The worst-case scenario for the Dems in North Carolina is one of the lower Black turnout (by the roughly 7 points’ worth of the electorate we see in the early voting now) continuing in the next few days and a White vote more Republican-voting than that in 2012, with unaffiliateds staying just as Republican as in 2012, registered Republicans staying just as large a percentage of the White vote as in 2012, and registered Dems becoming a much lower percentage of the White vote. In that case, Trump wins North Carolina by 8 points. Registered Republicans growing to as large a percentage of the White vote as in 2012 is plausible; unaffiliateds staying just as Republican-voting as in 2012 isn’t.

The most plausible scenario we see on November 9 (accounting for the FBI reopening its investigation, Trump likely gaining support in polls from now until November 8, etc.) is one of lower Black turnout (by approximately 5 points’ worth of the electorate) and a White vote somewhat more Democratic-voting than in 2012 (though not as Democratic-voting as that seen in the early vote now), leading to a four-point Trump win in NC.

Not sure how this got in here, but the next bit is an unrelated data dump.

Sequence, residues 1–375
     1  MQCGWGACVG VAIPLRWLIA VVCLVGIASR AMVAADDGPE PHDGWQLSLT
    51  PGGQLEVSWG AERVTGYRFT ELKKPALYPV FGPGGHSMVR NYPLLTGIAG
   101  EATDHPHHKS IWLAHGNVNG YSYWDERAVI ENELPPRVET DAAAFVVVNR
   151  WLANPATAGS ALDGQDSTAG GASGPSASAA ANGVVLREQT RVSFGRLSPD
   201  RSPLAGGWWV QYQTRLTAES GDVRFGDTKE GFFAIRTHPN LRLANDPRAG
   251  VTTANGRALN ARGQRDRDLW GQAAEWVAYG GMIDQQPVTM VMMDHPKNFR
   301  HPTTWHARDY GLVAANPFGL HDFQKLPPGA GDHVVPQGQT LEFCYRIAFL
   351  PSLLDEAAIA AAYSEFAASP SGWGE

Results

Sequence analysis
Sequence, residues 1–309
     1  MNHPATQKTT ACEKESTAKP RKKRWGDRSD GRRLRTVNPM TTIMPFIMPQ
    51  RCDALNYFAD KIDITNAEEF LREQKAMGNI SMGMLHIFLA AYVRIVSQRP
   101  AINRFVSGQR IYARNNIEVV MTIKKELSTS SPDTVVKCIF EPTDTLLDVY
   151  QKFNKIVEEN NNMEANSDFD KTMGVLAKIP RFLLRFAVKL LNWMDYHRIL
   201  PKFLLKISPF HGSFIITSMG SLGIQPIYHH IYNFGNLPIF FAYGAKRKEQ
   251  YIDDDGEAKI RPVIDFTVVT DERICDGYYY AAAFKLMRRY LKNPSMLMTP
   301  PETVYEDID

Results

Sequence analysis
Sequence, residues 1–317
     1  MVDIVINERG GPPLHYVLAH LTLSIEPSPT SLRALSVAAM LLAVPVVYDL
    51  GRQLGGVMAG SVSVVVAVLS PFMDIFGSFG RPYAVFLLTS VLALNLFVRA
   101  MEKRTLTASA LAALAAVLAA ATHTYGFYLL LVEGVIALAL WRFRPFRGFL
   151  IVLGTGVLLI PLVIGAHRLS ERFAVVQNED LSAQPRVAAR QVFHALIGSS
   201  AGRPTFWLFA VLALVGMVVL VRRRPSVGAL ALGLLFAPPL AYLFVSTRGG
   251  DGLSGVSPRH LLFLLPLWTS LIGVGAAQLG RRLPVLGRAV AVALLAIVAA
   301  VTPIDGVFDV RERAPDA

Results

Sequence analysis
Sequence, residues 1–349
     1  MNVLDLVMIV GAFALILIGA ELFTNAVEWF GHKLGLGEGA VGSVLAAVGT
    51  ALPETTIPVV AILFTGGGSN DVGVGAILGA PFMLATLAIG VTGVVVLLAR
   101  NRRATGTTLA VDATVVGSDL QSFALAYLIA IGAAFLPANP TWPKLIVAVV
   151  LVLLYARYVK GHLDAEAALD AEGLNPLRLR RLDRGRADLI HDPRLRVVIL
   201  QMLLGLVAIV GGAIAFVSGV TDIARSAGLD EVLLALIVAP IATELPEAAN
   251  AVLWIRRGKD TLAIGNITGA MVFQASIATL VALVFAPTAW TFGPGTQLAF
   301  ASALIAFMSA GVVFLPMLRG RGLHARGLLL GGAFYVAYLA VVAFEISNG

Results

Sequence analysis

The scenario seen now in the early voting is one of lower Black turnout (by 7-8 points of the electorate) and a nearly equally Democratic-trending White vote to offset it. If this remains the pattern of the early vote relative to 2012’s from now until election day, with no Trump polling improvements whatsoever, Trump wins North Carolina by 2 or 3 points. Romney won by 2.

The worst-case scenario for Trump is Black turnout returning to 2012 levels and the White vote staying as Democratic-leaning as it is in the early vote now or becoming more Democratic-leaning. In that case, Trump loses by four points.

In none of these circumstances does the Upshot scenario of a Trump six-point loss in North Carolina appear even remotely plausible. A six-point Trump win under realistic assumptions is certainly plausible. A six-point loss isn’t. The Upshot’s assumptions about the unaffiliated vote are not even remotely realistic.

It seems that the NC voters who voted this year, but not in both 2012 and 2008, are, even adjusted for higher Black turnout in those years, slightly less-Democratic-registered than those who voted both in 2008 and 2012. But, overall, it’s a wash with the new non-Black voters relative to the old ones, and Black turnout is the biggest driver of Republican success relative to 2012 so far in NC.

If North Carolina is representative of the entire country, Trump is much more likely to win Florida than FiveThirtyEight says, but the Black vote is not nearly as important in other swing states.